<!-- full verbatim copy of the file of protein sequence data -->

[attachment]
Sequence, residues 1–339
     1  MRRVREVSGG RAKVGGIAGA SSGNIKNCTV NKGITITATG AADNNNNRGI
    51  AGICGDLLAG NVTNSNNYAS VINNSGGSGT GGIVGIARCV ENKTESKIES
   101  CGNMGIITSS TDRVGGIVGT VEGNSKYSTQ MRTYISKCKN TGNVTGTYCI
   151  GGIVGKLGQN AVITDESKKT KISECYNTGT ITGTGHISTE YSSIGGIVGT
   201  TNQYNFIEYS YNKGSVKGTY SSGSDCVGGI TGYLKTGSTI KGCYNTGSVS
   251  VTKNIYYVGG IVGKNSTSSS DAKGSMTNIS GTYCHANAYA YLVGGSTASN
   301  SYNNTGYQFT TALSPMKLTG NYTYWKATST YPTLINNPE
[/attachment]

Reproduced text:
Sequence, residues 1–339
     1  MRRVREVSGG RAKVGGIAGA SSGNIKNCTV NKGITITATG AADNNNNRGI
    51  AGICGDLLAG NVTNSNNYAS VINNSGGSGT GGIVGIARCV ENKTESKIES
   101  CGNMGIITSS TDRVGGIVGT VEGNSKYSTQ MRTYISKCKN TGNVTGTYCI
   151  GGIVGKLGQN AVITDESKKT KISECYNTGT ITGTGHISTE YSSIGGIVGT
   201  TNQYNFIEYS YNKGSVKGTY SSGSDCVGGI TGYLKTGSTI KGCYNTGSVS
   251  VTKNIYYVGG IVGKNSTSSS DAKGSMTNIS GTYCHANAYA YLVGGSTASN
   301  SYNNTGYQFT TALSPMKLTG NYTYWKATST YPTLINNPE